Motivated by the model derived in section 3, we extend sequential TDVAE to exhibit time abstraction. We start from the same assumptions and architectural form: there exists a sequence of states from which we can predict the observations . A forward RNN encodes a belief state from past observations . The main difference is that, instead of relating information known at times and through the states and , we relate two distant time steps and through their respective states and , and we learn a jumpy, statetostate model between and . Following equation 3, the negative loss for the TDVAE model is:
(6) 
To train this model, one should choose the distribution of times ; for instance, can be chosen uniformly from the sequence, and uniformly over some finite range ; other approaches could be investigated. Figure 1 describes in detail the computation flow of the model.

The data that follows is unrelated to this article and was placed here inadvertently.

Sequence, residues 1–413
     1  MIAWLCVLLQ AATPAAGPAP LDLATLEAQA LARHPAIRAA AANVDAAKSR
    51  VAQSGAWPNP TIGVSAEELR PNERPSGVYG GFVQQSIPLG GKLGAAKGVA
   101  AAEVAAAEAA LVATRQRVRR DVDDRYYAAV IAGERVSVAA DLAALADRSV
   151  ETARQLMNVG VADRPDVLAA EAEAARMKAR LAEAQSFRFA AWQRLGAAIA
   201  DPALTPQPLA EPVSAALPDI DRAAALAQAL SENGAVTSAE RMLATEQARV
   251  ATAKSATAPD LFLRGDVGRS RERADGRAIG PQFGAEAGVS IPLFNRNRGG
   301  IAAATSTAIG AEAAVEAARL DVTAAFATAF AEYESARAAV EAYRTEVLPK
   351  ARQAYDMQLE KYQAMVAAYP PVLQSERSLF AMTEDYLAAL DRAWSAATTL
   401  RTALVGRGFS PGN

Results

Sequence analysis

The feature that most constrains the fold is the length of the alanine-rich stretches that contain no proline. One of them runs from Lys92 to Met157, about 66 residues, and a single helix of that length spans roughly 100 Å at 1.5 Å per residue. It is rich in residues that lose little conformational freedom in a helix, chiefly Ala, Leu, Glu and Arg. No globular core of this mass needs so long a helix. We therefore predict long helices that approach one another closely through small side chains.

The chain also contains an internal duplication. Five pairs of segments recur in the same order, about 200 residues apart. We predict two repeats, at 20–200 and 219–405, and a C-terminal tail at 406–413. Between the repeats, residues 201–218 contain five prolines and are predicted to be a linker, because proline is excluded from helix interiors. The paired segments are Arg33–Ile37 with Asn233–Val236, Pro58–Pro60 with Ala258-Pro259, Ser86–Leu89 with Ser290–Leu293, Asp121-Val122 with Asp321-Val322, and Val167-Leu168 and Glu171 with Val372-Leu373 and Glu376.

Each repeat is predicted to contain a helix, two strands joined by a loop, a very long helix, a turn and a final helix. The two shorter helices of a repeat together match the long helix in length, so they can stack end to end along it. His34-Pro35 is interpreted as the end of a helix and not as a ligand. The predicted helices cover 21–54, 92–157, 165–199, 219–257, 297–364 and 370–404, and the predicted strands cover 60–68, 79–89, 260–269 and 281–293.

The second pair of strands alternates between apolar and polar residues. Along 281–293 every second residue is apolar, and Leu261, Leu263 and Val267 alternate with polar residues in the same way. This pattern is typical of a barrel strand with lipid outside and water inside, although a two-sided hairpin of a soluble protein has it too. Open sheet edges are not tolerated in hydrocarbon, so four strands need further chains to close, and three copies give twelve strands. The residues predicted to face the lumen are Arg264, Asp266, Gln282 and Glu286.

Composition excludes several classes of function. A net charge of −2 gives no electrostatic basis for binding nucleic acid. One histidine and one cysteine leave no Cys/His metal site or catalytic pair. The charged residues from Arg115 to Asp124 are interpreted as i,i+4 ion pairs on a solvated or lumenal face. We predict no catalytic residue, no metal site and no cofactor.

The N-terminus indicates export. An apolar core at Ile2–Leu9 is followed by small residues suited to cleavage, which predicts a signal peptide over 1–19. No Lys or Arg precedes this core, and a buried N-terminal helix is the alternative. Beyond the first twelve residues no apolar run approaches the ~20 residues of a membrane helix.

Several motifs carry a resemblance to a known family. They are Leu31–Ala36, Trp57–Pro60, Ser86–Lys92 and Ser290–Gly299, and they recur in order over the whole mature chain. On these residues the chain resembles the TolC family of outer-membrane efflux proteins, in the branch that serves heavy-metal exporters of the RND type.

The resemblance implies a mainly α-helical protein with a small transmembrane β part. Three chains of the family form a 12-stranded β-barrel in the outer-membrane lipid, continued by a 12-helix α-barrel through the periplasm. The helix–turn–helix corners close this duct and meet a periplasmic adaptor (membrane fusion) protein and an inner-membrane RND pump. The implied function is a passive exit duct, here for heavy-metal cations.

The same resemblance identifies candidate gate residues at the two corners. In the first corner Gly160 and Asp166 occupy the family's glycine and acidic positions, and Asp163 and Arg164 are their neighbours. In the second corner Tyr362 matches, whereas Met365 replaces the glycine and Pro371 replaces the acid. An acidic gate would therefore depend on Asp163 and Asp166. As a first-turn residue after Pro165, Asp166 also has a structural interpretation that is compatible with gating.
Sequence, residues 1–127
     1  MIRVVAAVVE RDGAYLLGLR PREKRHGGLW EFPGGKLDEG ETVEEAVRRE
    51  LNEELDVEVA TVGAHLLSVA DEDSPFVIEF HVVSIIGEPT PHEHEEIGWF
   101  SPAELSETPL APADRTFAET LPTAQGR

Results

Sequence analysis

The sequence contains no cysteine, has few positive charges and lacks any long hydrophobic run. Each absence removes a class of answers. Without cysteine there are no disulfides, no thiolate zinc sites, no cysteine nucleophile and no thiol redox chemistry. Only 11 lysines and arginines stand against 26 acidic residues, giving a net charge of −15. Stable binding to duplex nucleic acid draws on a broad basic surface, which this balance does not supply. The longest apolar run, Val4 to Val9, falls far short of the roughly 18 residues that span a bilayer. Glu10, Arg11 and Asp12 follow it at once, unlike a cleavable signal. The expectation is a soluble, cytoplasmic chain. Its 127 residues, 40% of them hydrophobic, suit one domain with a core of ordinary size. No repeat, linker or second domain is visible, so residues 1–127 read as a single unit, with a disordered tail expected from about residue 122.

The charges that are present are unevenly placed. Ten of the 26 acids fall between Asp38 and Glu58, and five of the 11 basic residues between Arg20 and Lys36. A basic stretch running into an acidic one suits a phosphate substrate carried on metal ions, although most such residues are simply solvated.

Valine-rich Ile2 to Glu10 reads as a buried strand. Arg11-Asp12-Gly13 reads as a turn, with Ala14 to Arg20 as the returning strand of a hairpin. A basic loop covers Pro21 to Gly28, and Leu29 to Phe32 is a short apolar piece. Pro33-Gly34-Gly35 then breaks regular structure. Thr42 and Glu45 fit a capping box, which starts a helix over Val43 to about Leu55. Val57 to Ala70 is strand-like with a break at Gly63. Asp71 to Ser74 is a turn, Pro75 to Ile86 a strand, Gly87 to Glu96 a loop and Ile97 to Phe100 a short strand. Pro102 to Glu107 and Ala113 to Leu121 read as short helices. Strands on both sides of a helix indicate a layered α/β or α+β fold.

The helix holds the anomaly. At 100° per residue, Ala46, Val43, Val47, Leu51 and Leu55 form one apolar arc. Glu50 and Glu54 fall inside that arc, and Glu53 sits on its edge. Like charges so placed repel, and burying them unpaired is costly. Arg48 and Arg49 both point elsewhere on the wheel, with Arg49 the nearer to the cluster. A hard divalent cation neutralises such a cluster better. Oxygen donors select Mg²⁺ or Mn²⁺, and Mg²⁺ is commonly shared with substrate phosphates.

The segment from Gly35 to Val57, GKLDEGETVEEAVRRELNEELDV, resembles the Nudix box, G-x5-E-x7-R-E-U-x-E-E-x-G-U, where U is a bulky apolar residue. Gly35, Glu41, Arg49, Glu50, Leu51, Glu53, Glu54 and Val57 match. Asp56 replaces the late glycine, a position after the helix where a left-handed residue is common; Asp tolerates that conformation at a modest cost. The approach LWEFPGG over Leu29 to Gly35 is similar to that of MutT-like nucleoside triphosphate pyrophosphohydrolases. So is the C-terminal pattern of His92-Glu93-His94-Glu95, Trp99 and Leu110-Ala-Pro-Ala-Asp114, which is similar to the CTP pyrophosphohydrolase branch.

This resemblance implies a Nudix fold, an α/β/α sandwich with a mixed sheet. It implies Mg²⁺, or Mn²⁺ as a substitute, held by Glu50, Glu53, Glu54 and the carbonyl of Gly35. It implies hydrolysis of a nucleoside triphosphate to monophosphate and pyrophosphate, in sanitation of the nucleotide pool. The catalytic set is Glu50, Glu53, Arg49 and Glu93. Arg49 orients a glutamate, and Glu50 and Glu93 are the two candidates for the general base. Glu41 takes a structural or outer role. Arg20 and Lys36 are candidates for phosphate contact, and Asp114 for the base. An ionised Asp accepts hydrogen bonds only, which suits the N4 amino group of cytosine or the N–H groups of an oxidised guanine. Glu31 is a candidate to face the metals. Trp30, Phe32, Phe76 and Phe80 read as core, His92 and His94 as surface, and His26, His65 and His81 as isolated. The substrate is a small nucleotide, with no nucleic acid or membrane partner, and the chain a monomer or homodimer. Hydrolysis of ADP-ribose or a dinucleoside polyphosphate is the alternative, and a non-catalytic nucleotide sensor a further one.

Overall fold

Finally, it would be desirable to model the world with different hierarchies of state, the higherlevel states predicting the samelevel or lowerlevel states, and ideally representing more invariant or abstract information. For this reason, we also develop stacked (hierarchical) version of TDVAE, which uses several layers of latent states. Hierarchical TDVAE is detailed in the appendix.
4.2 Intuition behind TDVAE
In this section, we provide a more intuitive explanation behind the computation and loss of the model. Assume we want to predict a future time step from all the information we have up until time . All relevant information up until time (respectively ) has been compressed into a code (respectively ). We make an observation of the world^{2}^{2}2In RL, this observation may include the reward and previous action. at every time step , but posit the existence of a state which fully captures the full condition of the world at time .